Nice start to Spring
Spring has officially arrived, and, for a day, it will feel like it with a very nice day ahead.
Skies are mostly clear across the Finger Lakes this morning and much of the day will be sun-filled.
South winds will blow today between high pressure located off the coast of New England and an incoming system that will drop southeast across the Great Lakes. Top gusts should be under 25 mph.
A few thin clouds from that system will work in during the afternoon, but no precipitation is expected.
Temperatures will be above normal today with mid 50s possible along and north of I-90 with low 50s to the south. Some higher elevations across the Southern Tier and Central New York may fall just short of 50 degrees.
A few light rain showers will work in overnight with temperatures holding in the mid and upper 30s.
Forecast Gets Messy
Beyond Thursday morning, the forecast gets extremely convoluted and complicated. The hype regarding snow is cranking up. There are many pieces in motion that make this an especially difficult forecast with very low certainty.
The system dropping southeast through the Great Lakes will merge with a second system moving through the Ohio Valley. These will then spawn/merge with a third low that will develop along the Mid-Atlantic Coast and move north into New England.
This low will be compact but will have a narrow area of heavy precipitation. This band of heavier precipitation has been creeping west on the models and may clip the eastern portions of the region Thursday afternoon and Thursday night.
Temperatures Thursday will peak in the low 40s across the Southern Tier and Central New York with mid and upper 40s further north. Therefore, any heavier precipitation that works in should fall as rain through the afternoon and first part of Thursday night. Outside of the band of heavier rain, scattered showers will be likely.
Things get even more complex as one or two more small disturbances move towards New England and possibly merge with the primary coastal low on Friday.
The degree to which this happens will influence the strength of the coastal low and its ability to pull cold air into the region.
Light rain and snow showers will be likely on Friday with highs in the upper 30s. Strengthening northwest winds Friday evening and Friday night will drop temperatures and precipitation will turn to snow enhanced by Lake Ontario.
A wide range of snow amounts remain possible with the highest accumulations likely just south of Lake Ontario and into the higher elevations south of Syracuse. As is typical with lake effect, the Southern Tier should see minor, if any snow accumulations.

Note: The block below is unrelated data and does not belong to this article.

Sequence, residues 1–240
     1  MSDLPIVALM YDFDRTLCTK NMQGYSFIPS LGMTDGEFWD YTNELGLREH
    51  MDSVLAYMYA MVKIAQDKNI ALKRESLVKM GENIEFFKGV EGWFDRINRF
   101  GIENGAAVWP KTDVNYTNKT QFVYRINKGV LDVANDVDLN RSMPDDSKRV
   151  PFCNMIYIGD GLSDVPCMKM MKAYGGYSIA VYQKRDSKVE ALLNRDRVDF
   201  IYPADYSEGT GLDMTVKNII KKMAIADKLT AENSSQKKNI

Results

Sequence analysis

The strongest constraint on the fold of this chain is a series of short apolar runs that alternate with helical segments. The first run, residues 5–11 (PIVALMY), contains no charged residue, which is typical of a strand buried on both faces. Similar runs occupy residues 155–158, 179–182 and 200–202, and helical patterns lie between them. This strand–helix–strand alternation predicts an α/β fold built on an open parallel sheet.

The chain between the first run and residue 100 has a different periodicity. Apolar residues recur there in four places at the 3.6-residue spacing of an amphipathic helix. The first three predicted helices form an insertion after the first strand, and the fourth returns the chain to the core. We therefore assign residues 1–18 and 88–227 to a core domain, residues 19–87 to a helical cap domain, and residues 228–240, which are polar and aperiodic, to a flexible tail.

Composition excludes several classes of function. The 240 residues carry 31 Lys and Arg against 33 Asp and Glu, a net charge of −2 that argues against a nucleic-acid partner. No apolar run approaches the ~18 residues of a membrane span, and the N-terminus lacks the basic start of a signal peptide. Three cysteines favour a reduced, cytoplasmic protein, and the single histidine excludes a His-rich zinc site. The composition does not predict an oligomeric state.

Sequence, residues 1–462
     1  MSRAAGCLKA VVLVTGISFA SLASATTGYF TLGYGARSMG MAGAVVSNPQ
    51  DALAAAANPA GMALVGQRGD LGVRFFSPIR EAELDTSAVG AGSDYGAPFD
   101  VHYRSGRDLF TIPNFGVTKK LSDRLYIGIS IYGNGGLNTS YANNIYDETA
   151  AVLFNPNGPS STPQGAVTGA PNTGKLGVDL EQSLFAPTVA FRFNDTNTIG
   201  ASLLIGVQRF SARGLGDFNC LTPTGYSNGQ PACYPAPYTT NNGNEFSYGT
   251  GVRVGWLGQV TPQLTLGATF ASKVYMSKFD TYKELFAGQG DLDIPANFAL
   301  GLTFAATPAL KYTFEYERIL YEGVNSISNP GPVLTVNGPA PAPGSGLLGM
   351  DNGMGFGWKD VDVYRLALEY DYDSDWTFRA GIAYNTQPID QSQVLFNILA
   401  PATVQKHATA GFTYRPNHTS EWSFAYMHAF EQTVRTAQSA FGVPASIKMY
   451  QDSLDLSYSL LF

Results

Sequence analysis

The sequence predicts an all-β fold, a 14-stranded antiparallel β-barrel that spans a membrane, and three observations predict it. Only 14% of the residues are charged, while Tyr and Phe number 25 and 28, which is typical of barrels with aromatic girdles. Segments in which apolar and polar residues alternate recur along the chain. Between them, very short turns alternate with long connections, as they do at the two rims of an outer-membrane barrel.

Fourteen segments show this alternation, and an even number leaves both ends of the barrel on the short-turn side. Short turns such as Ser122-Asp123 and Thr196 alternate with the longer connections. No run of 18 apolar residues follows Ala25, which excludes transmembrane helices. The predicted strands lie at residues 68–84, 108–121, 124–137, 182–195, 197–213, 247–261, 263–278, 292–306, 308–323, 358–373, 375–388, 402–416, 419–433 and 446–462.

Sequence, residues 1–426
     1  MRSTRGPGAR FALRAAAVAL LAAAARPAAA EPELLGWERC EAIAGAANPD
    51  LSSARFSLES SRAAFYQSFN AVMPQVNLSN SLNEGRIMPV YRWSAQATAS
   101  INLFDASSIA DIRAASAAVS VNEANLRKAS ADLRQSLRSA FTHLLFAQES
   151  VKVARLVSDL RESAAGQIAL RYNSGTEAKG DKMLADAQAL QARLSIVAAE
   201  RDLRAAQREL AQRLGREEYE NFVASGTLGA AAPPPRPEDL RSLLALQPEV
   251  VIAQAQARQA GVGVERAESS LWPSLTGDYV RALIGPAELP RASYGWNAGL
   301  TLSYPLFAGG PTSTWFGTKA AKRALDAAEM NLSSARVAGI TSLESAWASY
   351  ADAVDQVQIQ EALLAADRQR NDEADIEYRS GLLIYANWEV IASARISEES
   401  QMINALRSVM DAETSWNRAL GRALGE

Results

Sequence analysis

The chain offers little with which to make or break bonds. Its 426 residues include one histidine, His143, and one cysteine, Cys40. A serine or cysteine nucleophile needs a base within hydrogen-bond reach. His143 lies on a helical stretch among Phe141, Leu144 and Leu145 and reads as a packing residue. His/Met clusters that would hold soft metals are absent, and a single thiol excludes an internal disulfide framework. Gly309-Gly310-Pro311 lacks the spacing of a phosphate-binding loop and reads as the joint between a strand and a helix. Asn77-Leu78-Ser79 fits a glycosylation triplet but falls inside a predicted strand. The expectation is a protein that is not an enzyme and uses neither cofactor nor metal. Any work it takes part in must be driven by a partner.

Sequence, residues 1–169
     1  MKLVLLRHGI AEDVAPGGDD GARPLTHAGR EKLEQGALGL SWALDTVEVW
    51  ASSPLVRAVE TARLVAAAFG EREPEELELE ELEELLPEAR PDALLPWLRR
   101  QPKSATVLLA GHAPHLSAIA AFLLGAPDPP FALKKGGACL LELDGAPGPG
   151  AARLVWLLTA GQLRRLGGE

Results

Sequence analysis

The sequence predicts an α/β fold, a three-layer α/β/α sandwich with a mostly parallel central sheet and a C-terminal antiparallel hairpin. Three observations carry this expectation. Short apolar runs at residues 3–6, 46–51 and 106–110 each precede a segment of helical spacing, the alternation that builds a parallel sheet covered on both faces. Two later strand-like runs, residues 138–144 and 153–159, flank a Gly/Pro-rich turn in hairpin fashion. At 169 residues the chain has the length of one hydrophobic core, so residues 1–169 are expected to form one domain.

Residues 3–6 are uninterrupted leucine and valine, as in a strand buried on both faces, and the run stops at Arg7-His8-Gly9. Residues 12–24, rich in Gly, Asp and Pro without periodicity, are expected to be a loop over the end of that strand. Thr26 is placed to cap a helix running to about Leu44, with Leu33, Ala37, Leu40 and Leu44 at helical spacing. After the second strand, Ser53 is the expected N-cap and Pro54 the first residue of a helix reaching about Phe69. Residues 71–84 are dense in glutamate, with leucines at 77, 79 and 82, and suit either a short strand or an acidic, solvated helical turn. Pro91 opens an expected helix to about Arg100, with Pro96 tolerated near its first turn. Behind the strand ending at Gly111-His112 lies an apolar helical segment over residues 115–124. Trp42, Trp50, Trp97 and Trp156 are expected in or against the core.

The European model is aggressive with the snow amounts, but its ensembles are very mixed. For review, the ensembles are a set of 51 different versions of the same model, each with slightly different parameters. This gives a sampling of different scenarios. When the ensembles have a wide spread like they do now, forecast confidence is low.
The other major weather models show a weaker low, resulting in less cold air and snow amounts of just a few inches at most. The European too was recently showing this solution and has only started to be aggressive during its last couple runs.
The final complication is the lateness of the season. Computer models struggle with very early or very late snowfalls. As we have seen in recent days, it can snow heavily in late March but with little accumulation to show for it.
Much of this snow would be at night, however, which favors more accumulation. Steady, heavy snow should pull out of the region Saturday morning, though scattered flurries would probably linger into the afternoon with highs only in the 30s.
Where We Go From Here
Be very wary of hyped up reports calling for a major snow event. While it remains a possibility for some localized areas of the Finger Lakes, there is still a huge amount of uncertainty. This uncertainty will probably remain high and this may be one of those events where we will not have a good idea what will happen until it does.
My plan is to continue to approach this with caution while watching trends in the models through Thursday. By Thursday night or Friday morning, I will publish a snow map, if necessary. I feel anything sooner would be premature and likely need significant adjustments as time goes on.
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